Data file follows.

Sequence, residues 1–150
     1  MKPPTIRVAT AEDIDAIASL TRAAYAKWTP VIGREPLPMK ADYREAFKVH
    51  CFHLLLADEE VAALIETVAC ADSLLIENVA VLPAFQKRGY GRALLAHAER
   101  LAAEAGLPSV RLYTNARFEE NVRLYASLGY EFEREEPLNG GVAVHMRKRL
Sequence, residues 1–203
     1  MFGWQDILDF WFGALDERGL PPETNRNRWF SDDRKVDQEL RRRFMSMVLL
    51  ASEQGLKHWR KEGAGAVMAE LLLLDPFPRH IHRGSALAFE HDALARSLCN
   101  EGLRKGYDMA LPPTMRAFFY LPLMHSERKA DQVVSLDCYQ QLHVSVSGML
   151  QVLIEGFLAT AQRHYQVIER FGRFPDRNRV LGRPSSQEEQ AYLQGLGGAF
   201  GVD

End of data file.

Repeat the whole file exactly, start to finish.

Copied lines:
Sequence, residues 1–150
     1  MKPPTIRVAT AEDIDAIASL TRAAYAKWTP VIGREPLPMK ADYREAFKVH
    51  CFHLLLADEE VAALIETVAC ADSLLIENVA VLPAFQKRGY GRALLAHAER
   101  LAAEAGLPSV RLYTNARFEE NVRLYASLGY EFEREEPLNG GVAVHMRKRL
Sequence, residues 1–203
     1  MFGWQDILDF WFGALDERGL PPETNRNRWF SDDRKVDQEL RRRFMSMVLL
    51  ASEQGLKHWR KEGAGAVMAE LLLLDPFPRH IHRGSALAFE HDALARSLCN
   101  EGLRKGYDMA LPPTMRAFFY LPLMHSERKA DQVVSLDCYQ QLHVSVSGML
   151  QVLIEGFLAT AQRHYQVIER FGRFPDRNRV LGRPSSQEEQ AYLQGLGGAF
   201  GVD